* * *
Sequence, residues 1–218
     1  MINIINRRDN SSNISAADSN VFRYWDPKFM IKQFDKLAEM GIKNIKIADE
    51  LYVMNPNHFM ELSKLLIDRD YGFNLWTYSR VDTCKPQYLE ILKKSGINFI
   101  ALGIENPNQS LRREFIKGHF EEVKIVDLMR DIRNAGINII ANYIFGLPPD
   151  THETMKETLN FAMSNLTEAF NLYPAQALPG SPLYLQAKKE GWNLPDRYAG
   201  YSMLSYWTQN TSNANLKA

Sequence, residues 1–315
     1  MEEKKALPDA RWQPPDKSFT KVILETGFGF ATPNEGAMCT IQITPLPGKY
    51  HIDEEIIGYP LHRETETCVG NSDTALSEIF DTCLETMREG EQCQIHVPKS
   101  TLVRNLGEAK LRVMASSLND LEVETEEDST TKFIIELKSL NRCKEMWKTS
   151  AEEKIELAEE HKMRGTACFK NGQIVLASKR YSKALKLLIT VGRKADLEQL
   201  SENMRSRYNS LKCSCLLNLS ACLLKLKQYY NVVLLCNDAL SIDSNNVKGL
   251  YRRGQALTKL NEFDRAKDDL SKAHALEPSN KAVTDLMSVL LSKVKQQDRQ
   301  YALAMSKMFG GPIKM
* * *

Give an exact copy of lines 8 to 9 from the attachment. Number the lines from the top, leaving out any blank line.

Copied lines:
     1  MEEKKALPDA RWQPPDKSFT KVILETGFGF ATPNEGAMCT IQITPLPGKY
    51  HIDEEIIGYP LHRETETCVG NSDTALSEIF DTCLETMREG EQCQIHVPKS